The Fayetteville Observer, Fayetteville, NC
February 29, 2008

By Melissa Clement

Leslie Pearson reads her Bible every morning.

“I find relevance to my own life in the Scriptures,” she said at the opening of her show last Friday at the Cape Fear Studios. “As I digest the stories, I am able to communicate them through painting.’’

The show is titled “Resonance and Relevance,’’ and almost all of the 13 paintings have a biblical theme and tell a story. The hand-painted text on the work explains, or gives a hint, of the meanings.

“Pouring Out” depicts a young woman who is disturbed because she is barren. The story, taken from the book of Samuel, refers to Hannah. After she struggled with the problem, Hannah left it all in God’s hands, and thereby received peace. “She poured herself out” are the words hand-painted above the oil painting. Pearson under-paints with acrylics, then finishes the paintings with heavily textured oil paint.

In “Princess Warrior,’’ she veers from the Bible and straight into comic books to show the star-spangled super heroine, Wonder Woman. The fictional character was Pearson’s idol from age 5, she said, because of Wonder Woman’s beauty, talent, ability to do good and her warrior spirit.

“Phoenix Rising’’ is a dramatic painting in which she used herself as a model. The painting refers to the phoenix bird rising from its ashes to symbolize resurrection. The immortality refers to the biblical story of Jesus bringing a small child back from death.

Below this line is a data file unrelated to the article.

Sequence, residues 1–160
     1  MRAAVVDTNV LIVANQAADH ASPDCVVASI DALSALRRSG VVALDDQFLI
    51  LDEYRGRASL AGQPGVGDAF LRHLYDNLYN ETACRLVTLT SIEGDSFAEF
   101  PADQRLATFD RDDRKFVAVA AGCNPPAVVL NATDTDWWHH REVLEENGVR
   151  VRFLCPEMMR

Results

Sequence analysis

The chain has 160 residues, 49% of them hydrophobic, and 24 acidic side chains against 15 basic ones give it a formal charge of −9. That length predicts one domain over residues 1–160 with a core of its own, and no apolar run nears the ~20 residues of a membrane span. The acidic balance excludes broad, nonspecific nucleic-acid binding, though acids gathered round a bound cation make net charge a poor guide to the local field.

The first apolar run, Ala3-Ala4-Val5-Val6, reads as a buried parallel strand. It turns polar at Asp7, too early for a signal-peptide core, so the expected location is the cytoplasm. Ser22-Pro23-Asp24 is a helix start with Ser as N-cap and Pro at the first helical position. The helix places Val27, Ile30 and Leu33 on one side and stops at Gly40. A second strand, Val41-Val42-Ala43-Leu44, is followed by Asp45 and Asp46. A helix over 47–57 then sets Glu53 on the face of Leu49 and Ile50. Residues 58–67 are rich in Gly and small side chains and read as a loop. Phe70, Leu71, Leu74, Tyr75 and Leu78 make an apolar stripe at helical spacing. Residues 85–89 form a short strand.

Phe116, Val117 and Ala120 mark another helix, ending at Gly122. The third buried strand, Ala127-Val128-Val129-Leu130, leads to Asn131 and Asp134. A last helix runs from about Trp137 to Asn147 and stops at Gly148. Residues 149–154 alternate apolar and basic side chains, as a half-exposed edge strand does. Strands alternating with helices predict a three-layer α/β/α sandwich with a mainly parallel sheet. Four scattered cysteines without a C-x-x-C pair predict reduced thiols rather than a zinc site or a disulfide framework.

In “She Believed,” Mary is shown in a blue mantle, which is a symbol of humanity and of purity of heart.

Pearson, who is a Missouri native, earned a bachelor’s degree in fine arts from Southeast Missouri State University. She worked in a community arts program as assistant director of the Arts Council of Southeast Missouri. In 2000, she moved to England. There, she earned a master’s degree in museum studies at the University of Newcastle. When arts funding was cut in Missouri, she lost her job. Later she joined the Army, where she worked as a photojournalist for two years. As a result of losing her hearing in one ear, she left the Army. Now she works full-time as an artist. She and her photojournalist husband, Justin Pearson, own Pearson Gallery.

“The Virtuous Wife’’ painting comes from Proverbs and reads: “Who can find a virtuous wife? For her worth is far above rubies.”

Pearson says she earned the title after the couple bought a house to fix up, but when her husband was deployed to Afghanistan, she took up the task.

She re-enforced floor joists, installed a commode, scraped, sanded and painted the house with the help of two other Army wives.

In that collage, she used scraps of materials left over from the project, such as old paint and used sandpaper. A chalk drawing of the exterior and 12 photo transfers give viewers a glimpse into the progress of the reconstruction.

Staff writer Melissa Clement can be reached at [email protected] or 486-3528.

What: The artwork of Leslie Pearson
When: The show will be on view through March 26.
Where: Cape Fear Studios, 148 Maxwell St.
Information: Call 433-2986